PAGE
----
• Content of the soluble dispersion in the binder is preferably 50 wt % or higher relative to the total mass of the binder. Dispersion of the soluble dispersion in the binder may be accomplished in the size of the order of molecules of the soluble dispersion, of the order of crystals of the soluble dispersion, or in any size of higher order, but needs to be accomplished in such size that the binder can cover the surface of the active material in divisions of the binder and the soluble dispersion. [0048]
  • The active material is a compound capable of incorporating or releasing lithium ions. [0049]
  • The active material for the positive electrode is capable of releasing lithium ions during charging, and incorporating lithium ions during discharging. Examples of suitable active material for the positive electrode include lithium-metal complex oxide-containing active material which contains one or more of lithium-metal complex oxides having layered structure or spinel structure. [0050]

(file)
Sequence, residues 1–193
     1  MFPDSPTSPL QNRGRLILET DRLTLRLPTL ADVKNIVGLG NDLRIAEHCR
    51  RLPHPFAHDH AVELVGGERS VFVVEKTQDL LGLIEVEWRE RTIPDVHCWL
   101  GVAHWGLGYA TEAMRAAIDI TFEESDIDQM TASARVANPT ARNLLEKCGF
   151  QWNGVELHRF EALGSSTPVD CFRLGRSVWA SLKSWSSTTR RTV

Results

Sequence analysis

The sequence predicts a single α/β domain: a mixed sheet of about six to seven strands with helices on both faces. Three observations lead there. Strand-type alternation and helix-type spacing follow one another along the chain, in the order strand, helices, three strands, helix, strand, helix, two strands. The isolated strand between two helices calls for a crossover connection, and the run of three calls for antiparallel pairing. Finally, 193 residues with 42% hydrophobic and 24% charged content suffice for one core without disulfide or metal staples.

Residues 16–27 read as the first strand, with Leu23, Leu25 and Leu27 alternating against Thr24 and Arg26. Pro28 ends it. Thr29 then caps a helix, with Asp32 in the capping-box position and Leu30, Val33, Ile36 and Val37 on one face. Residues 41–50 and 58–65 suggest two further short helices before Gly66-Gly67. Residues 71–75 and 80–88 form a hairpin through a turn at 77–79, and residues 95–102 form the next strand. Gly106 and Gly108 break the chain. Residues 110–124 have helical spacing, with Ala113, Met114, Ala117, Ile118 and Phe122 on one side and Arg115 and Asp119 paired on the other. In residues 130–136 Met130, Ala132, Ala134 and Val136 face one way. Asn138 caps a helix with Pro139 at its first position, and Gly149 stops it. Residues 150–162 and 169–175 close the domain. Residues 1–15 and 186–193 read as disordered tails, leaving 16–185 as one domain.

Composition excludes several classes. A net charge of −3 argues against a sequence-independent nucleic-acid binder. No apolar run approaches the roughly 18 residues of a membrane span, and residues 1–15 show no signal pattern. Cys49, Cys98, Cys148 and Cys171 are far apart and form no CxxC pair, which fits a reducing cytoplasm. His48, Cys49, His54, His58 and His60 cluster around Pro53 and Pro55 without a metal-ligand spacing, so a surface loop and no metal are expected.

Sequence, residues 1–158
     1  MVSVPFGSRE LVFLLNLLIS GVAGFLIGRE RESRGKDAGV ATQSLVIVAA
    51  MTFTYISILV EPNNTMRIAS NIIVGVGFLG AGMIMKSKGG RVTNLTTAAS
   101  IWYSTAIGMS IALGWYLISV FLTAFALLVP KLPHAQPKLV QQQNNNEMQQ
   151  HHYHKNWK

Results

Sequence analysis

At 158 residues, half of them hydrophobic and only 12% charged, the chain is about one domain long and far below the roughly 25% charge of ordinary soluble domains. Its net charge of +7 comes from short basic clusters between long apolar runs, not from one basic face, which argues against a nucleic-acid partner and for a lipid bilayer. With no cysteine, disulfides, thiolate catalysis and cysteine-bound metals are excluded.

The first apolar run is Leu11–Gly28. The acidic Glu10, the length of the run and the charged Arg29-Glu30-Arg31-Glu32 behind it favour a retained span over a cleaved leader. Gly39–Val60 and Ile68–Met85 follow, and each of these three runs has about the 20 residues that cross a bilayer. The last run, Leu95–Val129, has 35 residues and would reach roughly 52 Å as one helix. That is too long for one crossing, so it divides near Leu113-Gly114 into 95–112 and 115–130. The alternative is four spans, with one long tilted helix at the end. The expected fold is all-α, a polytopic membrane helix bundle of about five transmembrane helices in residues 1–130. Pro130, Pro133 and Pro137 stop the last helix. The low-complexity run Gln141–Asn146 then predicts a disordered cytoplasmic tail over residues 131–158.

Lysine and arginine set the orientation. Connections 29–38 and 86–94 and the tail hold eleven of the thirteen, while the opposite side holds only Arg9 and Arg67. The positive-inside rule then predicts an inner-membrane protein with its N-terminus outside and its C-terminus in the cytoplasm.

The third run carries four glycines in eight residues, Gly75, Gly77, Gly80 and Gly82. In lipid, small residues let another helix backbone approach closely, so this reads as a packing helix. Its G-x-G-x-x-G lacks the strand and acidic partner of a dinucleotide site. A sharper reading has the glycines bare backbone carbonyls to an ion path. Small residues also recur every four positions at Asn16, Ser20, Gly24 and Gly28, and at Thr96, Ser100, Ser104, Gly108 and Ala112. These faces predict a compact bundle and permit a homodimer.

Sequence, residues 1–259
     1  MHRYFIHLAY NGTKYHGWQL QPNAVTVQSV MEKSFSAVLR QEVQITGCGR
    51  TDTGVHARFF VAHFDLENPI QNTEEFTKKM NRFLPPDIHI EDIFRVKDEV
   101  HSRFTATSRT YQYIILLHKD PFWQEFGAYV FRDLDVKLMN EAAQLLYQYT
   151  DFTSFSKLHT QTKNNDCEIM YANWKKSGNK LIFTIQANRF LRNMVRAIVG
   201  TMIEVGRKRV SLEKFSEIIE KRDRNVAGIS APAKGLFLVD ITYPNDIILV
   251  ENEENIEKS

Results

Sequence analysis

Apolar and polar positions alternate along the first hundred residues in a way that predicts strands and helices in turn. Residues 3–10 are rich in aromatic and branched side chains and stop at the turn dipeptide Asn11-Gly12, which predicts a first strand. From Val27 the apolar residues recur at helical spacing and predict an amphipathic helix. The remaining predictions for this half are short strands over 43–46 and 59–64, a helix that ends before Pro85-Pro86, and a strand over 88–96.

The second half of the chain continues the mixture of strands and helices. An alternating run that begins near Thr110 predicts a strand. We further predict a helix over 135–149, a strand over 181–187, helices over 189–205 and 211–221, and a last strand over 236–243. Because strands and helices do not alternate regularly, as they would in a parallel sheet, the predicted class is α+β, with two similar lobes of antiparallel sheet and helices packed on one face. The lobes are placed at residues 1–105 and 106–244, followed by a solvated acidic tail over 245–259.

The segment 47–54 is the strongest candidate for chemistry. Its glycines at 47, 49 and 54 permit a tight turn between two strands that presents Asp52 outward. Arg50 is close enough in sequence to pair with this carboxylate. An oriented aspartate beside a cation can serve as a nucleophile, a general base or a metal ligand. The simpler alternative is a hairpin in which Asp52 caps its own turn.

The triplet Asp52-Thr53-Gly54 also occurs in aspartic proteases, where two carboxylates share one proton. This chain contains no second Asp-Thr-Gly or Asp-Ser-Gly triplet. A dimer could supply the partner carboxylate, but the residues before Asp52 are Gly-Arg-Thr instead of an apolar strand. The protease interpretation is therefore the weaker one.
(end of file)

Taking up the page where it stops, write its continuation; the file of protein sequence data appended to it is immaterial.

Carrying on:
• Lithium-metal complex oxide-containing active material is, for example, a material such as Li[0051] (1−X)NiO2, Li(1−X)MnO2, Li(1−X)Mn2O4, Li(1−X)CoO2, Li(1−X)FeO2, or material obtained from them by adding or substituting Li, Al or transition metal such as Cr. Here, X denotes a number in the range 0˜1. These lithium-metal complex oxides may be used alone or in a mixture of two or more of them as the active material for the positive electrode. The lithium-metal complex oxide containing active material is preferably one or more of lithium-manganese containing complex oxide, lithium-nickel containing complex oxide, and lithium-cobalt containing complex oxide, which have layered structure or spinel structure. In view of cost reduction, the lithium-metal complex oxide containing active material is more preferably one or more of lithium-manganese containing complex oxide and lithium-nickel containing complex oxide, which have layered structure or spinel structure.